But I am not here today merely to chastise the FBI for creating bogeymen to frighten us. You see, the FBI is not the only one doing this sort of thing. An anonymous commenter on Techdirt pointed me to a Watchdog Report from the Journal Sentinel that describes the actions of a different agency, the U.S. Bureau of Alcohol, Tobacco, Firearms and Explosives (what, no sex, drugs and rock’n’roll?). It seems that the ATF has been up to the exact same sort of shenanigans:

■ ATF agents befriended mentally disabled people to drum up business and later arrested them in at least four cities in addition to Milwaukee. In Wichita, Kan., ATF agents referred to a man with a low IQ as “slow-headed” before deciding to secretly use him as a key cog in their sting. And agents in Albuquerque, N.M., gave a brain-damaged drug addict with little knowledge of weapons a “tutorial” on machine guns, hoping he could find them one.

■ Agents in several cities opened undercover gun- and drug-buying operations in safe zones near churches and schools, allowed juveniles to come in and play video games and teens to smoke marijuana, and provided alcohol to underage youths. In Portland, attorneys for three teens who were charged said a female agent dressed provocatively, flirted with the boys and encouraged them to bring drugs and weapons to the store to sell.

■ As they did in Milwaukee, agents in other cities offered sky-high prices for guns, leading suspects to buy firearms at stores and turn around and sell them to undercover agents for a quick profit. In other stings, agents ran fake pawnshops and readily bought stolen items, such as electronics and bikes — no questions asked — spurring burglaries and theft. In Atlanta, agents bought guns that had been stolen just hours earlier, several ripped off from police cars.

Preying on helpless people, creating criminals and crime where none existed before, endangering innocent lives, and wasting resources. The FBI and the ATF are both doing it with reckless abandon. Our tax dollars at work, ladies and gentlemen. And if these two agencies are both doing it, completely independently of each other, you can bet that every other agency with enforcement powers is getting in on the act. In this article on C4SS, Kevin Carson notes that a county sheriff’s deputy (no connection to the FBI or ATF) pressured an autistic boy into buying drugs. This prompts Kevin to question the logic of stings in general:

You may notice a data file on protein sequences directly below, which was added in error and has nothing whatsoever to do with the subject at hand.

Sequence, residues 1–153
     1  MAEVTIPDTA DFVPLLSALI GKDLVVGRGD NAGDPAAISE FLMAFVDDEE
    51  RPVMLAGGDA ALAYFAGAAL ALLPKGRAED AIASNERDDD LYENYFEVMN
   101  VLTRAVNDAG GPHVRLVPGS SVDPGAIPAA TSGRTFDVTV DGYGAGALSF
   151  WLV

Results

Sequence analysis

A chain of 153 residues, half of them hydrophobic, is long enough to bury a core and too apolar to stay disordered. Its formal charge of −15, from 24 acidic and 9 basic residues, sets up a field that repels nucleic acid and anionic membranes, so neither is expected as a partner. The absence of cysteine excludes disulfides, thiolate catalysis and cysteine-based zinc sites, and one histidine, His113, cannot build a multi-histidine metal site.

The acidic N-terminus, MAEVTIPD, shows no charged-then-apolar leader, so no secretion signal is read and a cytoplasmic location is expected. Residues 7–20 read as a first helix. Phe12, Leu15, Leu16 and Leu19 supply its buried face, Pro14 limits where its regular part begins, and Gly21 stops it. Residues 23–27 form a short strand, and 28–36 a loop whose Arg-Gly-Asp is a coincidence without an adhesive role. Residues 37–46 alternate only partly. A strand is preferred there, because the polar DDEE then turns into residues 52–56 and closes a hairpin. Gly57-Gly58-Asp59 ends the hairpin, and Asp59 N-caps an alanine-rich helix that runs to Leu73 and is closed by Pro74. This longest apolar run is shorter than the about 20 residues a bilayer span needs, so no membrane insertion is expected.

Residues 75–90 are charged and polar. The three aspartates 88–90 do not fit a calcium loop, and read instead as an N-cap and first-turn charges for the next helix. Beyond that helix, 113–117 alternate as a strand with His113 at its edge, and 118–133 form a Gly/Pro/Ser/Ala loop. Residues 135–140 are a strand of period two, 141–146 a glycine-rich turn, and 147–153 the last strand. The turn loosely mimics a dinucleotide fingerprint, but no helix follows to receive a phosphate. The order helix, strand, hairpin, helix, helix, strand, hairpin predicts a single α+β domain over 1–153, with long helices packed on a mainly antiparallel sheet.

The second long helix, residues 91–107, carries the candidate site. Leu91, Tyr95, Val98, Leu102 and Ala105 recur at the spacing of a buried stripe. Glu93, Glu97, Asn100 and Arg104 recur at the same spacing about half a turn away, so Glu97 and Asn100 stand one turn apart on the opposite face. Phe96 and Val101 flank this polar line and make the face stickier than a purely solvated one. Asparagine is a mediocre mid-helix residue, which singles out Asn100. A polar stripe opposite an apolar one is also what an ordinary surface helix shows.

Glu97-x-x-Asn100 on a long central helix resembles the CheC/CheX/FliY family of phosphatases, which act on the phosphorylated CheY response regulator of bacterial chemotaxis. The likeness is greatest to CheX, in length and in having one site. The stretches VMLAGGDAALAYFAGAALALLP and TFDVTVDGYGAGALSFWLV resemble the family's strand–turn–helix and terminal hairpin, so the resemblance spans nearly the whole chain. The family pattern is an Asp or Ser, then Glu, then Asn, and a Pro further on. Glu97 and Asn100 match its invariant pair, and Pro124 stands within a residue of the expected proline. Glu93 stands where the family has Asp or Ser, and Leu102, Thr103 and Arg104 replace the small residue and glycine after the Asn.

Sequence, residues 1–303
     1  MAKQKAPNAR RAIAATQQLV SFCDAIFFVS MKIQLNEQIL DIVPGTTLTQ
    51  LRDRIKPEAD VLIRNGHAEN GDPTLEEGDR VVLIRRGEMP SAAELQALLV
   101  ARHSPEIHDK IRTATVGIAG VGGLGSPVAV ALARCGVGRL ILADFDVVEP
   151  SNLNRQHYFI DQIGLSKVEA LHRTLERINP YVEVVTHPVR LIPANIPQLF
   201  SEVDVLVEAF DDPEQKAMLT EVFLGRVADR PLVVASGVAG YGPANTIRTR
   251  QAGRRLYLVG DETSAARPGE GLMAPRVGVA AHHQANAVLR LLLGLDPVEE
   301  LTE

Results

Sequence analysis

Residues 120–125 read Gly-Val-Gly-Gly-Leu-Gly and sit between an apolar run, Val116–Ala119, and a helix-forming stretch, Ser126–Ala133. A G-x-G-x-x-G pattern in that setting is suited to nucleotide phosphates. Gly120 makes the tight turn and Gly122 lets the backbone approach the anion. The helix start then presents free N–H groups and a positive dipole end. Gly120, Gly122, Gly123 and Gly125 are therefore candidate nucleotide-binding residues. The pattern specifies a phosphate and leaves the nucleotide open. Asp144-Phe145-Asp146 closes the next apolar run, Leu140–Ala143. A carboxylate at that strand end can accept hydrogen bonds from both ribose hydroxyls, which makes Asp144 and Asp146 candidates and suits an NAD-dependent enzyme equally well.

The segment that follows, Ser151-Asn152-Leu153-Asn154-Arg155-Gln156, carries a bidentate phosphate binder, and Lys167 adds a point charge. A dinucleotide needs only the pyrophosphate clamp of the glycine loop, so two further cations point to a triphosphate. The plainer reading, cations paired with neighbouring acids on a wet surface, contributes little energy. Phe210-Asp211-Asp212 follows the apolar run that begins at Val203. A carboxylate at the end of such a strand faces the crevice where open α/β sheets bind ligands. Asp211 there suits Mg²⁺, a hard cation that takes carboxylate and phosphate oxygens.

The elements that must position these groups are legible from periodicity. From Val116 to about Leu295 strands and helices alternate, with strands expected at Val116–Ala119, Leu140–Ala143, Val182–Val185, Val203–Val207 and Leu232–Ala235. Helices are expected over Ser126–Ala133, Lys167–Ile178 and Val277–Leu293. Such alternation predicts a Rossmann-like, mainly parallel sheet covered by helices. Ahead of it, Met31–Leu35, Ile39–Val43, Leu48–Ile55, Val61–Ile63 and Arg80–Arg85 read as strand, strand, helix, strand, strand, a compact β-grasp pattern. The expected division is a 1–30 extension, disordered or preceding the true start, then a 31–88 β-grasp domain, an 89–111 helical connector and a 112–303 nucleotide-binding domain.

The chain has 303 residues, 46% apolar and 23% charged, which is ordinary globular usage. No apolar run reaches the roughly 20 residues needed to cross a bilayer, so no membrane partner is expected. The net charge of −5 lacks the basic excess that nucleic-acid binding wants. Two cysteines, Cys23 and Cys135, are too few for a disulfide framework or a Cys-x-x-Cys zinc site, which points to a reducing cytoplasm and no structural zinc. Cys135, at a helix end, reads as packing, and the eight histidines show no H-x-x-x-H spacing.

I’ve never understood the logic by which someone in uniform can commit an act that’s defined as illegal by statute, in the course of a sting operation, without themselves breaking the law. If it’s illegal for a citizen to offer drugs or sexual acts for sale, or to solicit their sale from others, how is it legal for a cop to offer to buy or sell drugs from a citizen?

I think it’s a good question. After all, these people getting caught in the stings are just doing what they were told to do by police officers. Isn’t that what good citizens are supposed to do?

It’s time to put a stop to this. We put up with the existence of government agents and agencies only because they stop people from harming us; we cannot put up with these agents encouraging others to cause harm. If agents are allowed to create problems that they can then solve, they create a greater perceived need for their services while simultaneously doing the exact opposite of the service we expect them to do. I say that it’s time to declare sting operations illegal, and make it impossible to convict someone who was caught in a sting. Maybe then, the cops and g-men can finally go back to doing their job and protecting people, instead of tricking people and throwing helpless shmucks in jail.